And there's so many Kanyes
A big week for antisemitism
I have to admit, I didn’t think it would be Ye. I saw the right’s turn toward overt antisemitism coming for years; the belated ascendance of the Pat Buchanan wing of the Republican Party made that almost inevitable. In the long handoff from the old, privately antisemitic WASP elites to the MAGA populists, Christendom’s oldest and most totalizing conspiracy theory was bound to at least bubble to the surface — even if it had to pass through the weird, if no less violent, fantasies of “Christian Zionist” philosemitism along the way.
Who knew it would be the artist formerly known as Kanye West who’d send up the unpopped trial balloon? Ye has always been a conspiratorial sort, writing as often as not about a multivarious “they” bent on silencing him. (“They say you can rap about anything except for Jesus,” he rapped on “Jesus Walks” — whose eventual triple-platinum certification only assured him of his own self-righteous immortality.) His gravitation toward the paranoias of Trump and Trumpism was not going to be helpful for that kind of mindset, nor his apparently humiliating and extremely public divorce. He also clearly struggles with mental health (though who doesn’t at times).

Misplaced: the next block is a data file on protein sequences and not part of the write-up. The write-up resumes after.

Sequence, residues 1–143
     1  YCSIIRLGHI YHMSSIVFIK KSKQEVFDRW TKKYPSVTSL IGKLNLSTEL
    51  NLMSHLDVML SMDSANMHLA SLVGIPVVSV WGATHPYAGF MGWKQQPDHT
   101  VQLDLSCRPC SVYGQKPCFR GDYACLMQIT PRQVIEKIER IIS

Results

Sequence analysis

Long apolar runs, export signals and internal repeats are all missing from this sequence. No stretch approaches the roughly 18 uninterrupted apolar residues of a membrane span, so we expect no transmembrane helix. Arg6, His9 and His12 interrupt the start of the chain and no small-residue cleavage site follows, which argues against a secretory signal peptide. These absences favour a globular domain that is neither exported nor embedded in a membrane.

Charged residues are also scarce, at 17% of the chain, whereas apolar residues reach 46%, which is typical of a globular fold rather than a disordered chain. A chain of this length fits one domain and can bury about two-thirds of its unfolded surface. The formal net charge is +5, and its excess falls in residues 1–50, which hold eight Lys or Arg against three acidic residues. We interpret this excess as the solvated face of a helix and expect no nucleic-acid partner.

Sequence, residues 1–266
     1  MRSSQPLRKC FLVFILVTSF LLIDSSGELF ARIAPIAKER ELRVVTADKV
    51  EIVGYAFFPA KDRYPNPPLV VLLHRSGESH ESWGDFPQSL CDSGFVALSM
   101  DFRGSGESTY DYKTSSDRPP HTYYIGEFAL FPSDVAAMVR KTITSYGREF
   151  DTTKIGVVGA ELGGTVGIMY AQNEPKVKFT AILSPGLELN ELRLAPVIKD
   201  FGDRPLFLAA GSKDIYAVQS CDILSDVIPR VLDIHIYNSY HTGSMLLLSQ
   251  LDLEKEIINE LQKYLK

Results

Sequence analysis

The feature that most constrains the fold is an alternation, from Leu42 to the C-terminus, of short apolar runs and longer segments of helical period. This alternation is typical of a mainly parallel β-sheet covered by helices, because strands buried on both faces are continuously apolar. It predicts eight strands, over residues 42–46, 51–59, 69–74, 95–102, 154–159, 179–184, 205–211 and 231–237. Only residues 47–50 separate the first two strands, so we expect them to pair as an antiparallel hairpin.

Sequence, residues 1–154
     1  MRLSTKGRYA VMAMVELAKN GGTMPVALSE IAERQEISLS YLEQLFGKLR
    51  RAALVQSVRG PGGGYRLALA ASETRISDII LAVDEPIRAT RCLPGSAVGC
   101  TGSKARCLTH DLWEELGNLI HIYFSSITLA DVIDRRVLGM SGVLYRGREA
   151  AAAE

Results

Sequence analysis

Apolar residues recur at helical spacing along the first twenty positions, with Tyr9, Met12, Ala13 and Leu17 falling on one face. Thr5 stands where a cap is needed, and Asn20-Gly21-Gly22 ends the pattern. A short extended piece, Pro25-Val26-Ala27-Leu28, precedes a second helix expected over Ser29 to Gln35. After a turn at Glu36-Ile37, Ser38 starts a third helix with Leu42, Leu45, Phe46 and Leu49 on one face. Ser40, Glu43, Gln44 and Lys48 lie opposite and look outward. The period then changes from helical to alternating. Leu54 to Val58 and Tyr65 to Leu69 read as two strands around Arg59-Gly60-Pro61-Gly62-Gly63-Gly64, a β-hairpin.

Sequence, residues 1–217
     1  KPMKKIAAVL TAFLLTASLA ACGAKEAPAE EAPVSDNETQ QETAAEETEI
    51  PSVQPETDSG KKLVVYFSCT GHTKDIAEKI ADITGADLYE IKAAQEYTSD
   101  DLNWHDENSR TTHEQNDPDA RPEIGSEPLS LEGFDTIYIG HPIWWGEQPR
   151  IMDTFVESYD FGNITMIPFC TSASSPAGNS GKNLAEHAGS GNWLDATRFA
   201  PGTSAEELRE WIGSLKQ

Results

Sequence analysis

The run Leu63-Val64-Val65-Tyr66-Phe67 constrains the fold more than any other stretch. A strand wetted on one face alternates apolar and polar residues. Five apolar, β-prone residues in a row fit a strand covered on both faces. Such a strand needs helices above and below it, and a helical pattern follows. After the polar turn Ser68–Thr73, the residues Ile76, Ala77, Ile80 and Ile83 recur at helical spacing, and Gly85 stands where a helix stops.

But in the end, the reasons this particular celebrity went in on old-school Judenhass are far less important than the reaction his “death con 3 on Jews” rant engendered on the right — ranging from impassioned, supposedly value-neutral defenses of his right to free speech (the path
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